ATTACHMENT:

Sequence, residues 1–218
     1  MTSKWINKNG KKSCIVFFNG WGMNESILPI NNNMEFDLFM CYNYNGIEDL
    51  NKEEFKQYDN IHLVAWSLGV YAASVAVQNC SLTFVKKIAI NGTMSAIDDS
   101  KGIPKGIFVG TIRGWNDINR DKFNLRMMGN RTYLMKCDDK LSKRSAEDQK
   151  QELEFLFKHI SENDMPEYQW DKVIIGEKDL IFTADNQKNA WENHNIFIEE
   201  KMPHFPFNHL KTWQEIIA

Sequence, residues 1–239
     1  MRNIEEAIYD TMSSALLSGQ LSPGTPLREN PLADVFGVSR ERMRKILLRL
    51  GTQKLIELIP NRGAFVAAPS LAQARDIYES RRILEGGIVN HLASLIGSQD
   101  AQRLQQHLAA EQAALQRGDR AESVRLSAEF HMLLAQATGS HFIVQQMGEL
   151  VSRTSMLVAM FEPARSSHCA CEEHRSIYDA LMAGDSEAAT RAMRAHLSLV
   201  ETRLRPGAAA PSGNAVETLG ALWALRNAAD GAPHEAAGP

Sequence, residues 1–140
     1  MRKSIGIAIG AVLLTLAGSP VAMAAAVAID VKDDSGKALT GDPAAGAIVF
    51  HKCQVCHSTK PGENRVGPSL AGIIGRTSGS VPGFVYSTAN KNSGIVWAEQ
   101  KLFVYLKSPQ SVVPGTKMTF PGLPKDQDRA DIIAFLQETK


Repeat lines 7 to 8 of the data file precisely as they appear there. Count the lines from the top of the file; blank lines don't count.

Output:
Sequence, residues 1–239
     1  MRNIEEAIYD TMSSALLSGQ LSPGTPLREN PLADVFGVSR ERMRKILLRL